An Introduction

Collaboration as an Acquired Competency

Whilst there are strategic alliances and collaborative ventures that have endured for decades (e.g. AMIRA International - see http://www.amira.com.au/ and Austmine - see http://www.austmine.com.au/) most collaborations have a shorter life-cycle. One SME Manager we encountered suggested a succession of brief liaisons was preferable to a long-term commitment.

European researchers 1) studying more than a decade of experience with large-scale collaborations characterised 21 different forms of collaboration. Some were relatively long term arrangements they called 'breeding environments' that helped identify future options for the participants, whilst others were short term arrangements associated with a specific project.

Some Collaboration Pre-requisites

Successful collaborations have a clear and simply stated goal, value proposition and basis of trust between the collaborators. Some necessary transactions represent an overhead cost, and there must be offsetting beneficial transactions.

Some Matters of Trust

Some research 2)) considering trust in an inter-organisational setting suggests there are three kinds of trust to consider:

  1. Contract-based trust
  2. Competency-based trust
  3. Goodwill-based trust

Trust as a risky business

In assigning a level of trust to another, one is making an assumption about future actions of that other.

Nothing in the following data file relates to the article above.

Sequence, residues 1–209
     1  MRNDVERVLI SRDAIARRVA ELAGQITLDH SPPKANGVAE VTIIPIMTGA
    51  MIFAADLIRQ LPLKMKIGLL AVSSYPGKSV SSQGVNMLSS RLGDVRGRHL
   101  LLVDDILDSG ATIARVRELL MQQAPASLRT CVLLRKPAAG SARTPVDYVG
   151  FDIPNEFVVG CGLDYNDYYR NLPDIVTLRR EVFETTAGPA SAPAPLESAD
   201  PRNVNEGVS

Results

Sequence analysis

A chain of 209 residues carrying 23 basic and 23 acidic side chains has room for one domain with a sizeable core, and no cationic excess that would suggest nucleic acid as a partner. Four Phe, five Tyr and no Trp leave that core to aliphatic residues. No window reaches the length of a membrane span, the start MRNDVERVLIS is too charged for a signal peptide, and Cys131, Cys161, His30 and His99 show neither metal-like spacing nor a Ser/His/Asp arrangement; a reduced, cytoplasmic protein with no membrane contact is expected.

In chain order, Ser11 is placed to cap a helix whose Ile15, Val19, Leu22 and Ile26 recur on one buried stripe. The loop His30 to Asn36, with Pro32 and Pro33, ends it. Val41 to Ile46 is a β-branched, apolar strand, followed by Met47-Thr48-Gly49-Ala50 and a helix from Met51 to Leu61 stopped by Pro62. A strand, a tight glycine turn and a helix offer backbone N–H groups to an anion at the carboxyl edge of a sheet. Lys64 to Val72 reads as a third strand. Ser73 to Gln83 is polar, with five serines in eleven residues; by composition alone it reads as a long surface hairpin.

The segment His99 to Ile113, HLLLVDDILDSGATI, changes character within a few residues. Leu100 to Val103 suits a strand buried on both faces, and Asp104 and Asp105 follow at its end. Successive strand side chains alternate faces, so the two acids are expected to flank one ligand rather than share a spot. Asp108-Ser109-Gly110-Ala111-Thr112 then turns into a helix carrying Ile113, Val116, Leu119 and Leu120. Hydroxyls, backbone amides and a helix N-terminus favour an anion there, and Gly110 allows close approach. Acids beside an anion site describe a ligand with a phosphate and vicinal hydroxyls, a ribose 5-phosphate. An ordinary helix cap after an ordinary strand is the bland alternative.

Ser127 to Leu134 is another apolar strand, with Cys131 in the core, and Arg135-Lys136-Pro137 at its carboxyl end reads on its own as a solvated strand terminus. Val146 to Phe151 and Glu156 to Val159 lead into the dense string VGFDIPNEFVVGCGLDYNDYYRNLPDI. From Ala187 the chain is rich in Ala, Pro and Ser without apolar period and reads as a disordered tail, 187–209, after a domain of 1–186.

Extracting Value from Collaboration

Enterprises may collaborate to stimulate business transactions, social transactions or knowledge transactions as illustrated below.

Modes of Collaboration

Collaborations may be formed to achieve a short-term goal, then disbanded, or to pursue longer term goals, being adapted as needed.

1) Camarinha-Matos, L.M; Afsarmanesh, H; Ermilova, E; Ferrada and Abreu, A (2007) “A reference model for collaborative networks” ECOLEAD Project Report D52.3 (www.veforum. org/projects/284/Deliverables/D52.3_final.pdf, last accessed February 10 2010
2) Sako, M., Helper, S.: Determinants of trust in supplier relations: Evidence from the automotive industry in Japan and the United States. Journal of Economic Behaviour and Organisations 34, 387–417 (1998
Last modified: 2012/11/19 20:11